* I detest the pro-life naming of such groups. Many are not pro-life as they support the death penalty, wars, etc. Not to mention it is not like the rest of us are against life nor are we pro-abortion. We are though pro-choice. They want to limit the choices women have available to them.

Monday, May 7, 2007

A round-up...

Kate over on The Anterior Commissure has a blog piece on former Rep. Sherwood Boehlert's reaction to Mooney and Nisbet's pieces on framing science. Mooney promises a reaction as well.

The Ranger of the West discusses second homes near your undergrad institution.

Chad over on uncertain Principles asks, Why Physics?

The Propter Post-Doc touches upon Scottish politics (Independence v. nationalism), lab life and other topics including why House, MD.

Thursday, May 3, 2007

Sun through the weekend...

Can I say how great it is to finally have spring? It is amazing how my attitude changes. I wake up and I am chipper (ok more so than usual). I have energy at the end of the day when I go home. There is green around you. It is very nice. Lab during the winter can be a drag. The sun is barely risen (if at all) when I get into lab and has already set when I go home. The cold during the day doesn't encourage going out during lunch & when you do all you see are dormant trees. Basically for a person from a sunny state it is a nightmare. Spring though everything changes. It is almost like home. Of course it doesn't last long as summer with its humidity will show up soon, but I do enjoy the spring as long as I can.

Monday, April 30, 2007

More joys...

SnobU when it comes to Post-Docs, whether associates or fellows, does a poor job of integrating them. No orientations to welcome you, no sexual harassment training (how they legally survive this I have no idea), no information as I noted before. You are pretty much on your own. I knew enough to know that I should fill out a Federal W4, so I hunted down the form and filled it out, handing it to the human resources at SnobU. I did forget about the state W4 form (it has been awhile since I had a real job and there they gave me all the forms to fill out, had an orientation, etc) so my first full paycheck is a little bit smaller than I was expecting. I will get that money in a year but I rather have it now. There are credit cards to pay (including an engagement ring) and future debts I rather avoid thus the money does more good in my account today rather in a year.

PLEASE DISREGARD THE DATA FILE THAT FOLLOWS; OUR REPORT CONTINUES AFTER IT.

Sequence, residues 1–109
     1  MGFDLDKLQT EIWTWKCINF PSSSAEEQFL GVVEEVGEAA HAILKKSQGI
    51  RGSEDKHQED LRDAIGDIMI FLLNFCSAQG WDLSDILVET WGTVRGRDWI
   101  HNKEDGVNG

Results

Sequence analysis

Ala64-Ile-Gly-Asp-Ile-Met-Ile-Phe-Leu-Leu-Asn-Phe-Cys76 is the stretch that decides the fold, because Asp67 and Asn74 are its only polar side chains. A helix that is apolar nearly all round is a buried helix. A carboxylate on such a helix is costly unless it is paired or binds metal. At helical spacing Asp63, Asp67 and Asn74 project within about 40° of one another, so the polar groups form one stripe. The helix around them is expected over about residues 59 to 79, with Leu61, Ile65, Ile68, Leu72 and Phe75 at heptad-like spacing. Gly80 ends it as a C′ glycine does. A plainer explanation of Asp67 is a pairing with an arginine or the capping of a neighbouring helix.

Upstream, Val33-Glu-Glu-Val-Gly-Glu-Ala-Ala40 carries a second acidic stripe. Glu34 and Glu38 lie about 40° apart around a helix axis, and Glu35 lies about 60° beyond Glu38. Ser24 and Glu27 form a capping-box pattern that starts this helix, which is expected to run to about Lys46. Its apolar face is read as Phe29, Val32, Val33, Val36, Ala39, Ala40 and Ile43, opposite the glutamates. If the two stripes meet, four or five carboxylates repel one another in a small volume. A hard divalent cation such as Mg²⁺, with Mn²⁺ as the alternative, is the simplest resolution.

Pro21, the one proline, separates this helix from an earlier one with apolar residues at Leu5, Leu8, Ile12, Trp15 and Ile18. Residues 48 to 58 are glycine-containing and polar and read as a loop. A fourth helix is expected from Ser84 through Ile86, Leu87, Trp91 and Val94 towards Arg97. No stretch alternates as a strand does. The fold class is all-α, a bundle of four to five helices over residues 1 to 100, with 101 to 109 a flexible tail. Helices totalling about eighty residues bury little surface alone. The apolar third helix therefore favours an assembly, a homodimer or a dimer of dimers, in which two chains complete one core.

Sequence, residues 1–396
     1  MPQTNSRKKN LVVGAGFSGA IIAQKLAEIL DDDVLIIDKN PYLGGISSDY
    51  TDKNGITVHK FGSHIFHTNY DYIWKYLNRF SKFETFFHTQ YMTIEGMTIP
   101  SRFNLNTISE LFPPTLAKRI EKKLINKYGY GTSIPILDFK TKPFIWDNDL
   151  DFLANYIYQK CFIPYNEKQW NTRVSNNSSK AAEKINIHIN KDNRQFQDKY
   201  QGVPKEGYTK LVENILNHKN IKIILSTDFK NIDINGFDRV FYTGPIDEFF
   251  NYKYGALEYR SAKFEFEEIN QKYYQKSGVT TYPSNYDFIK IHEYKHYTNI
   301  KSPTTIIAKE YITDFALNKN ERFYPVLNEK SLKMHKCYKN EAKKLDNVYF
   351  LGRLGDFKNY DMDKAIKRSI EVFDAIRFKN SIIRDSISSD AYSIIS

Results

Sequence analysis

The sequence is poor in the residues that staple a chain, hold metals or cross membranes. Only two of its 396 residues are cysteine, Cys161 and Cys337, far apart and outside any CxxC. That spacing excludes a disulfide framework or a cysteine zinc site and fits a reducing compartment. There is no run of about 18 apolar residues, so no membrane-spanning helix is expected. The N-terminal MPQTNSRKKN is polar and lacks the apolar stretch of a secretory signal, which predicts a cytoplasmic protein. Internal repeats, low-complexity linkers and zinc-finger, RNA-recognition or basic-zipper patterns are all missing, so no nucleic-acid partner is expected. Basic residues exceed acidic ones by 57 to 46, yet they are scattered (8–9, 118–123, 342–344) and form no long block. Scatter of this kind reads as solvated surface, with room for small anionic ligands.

Why didn't payroll at SnobU remind me when I handed in the Federal form? Come now, that would be giving information and making the life of a post-doc easier. That is not what SnobU is about. Unless they can bring in more money they really don't care. Everything is your responsibility. Talking with others, SnobU does seem particularly unique in this regard. Other places, there are orientations, they provide information which you then can use & is your responsibility to use. SnobU the responsibility extends to obtaining the knowledge. When joining a lab as a post-doc add what sort of institutional support is given to post-docs. Life is too short for spending time on such little things that are usually taken care of if you are in another position or at another university.

Friday, April 27, 2007

Framing the return...

Stephen wrote:

"I saw your comment on the framing post I wrote. You say that framing might be in dangerous hands when used by scientists, as scientists might "end up feeding into societal norms".

My comment is: if we all use framing in our daily life whenever we talk about our research to friends and family (unless your entire social sphere is made up of scientists), why would now be dangerous to frame when talking to the Anonimous Public?

We frame when we talk to somebody who does not agree with us; we frame when we want to make sure that somebody from the other side of the world understands what we mean...etc.

Look at the discussion started by Moran and PZ, about how successful rude suffragettes were: they are framing their approach to active atheism as something successful, successful because it has been show to be so, according to their interpretation, by history. Are they being dishonest, or dangerous, for that matter? No, they are just making a point. Maybe using a "frame" not everybody likes - it is a bit of a hyperbole - but making a valid point nevertheless."

The danger is how we frame. Nisbet advocates that scientists frame to get people to make up their minds "in the absence of knowledge, and importantly, to articulate an opinion." Dietram Scheufele when discussing ads for/against stem cells, which he highlights as good framing, reiterates the point "And they highlight a key aspect of successful communication. Neither proponents nor opponents of stem cell research build their arguments on scientific information. What they rely on are heuristics or cognitive shortcuts that will allow voters to make decisions without understanding the obvious complexities surrounding the issues. And it doesn't matter if these shortcuts are based on religious beliefs, celebrity, or personal hopes. Packaging matters ... regardless of which side of the issue you’re on." The point is to resonate with social identity of people. What helps create social identities? All the biases (sexism, racism, classism, etc). What does it take combat such biases that we all have? It takes time to think and to engage the actual facts.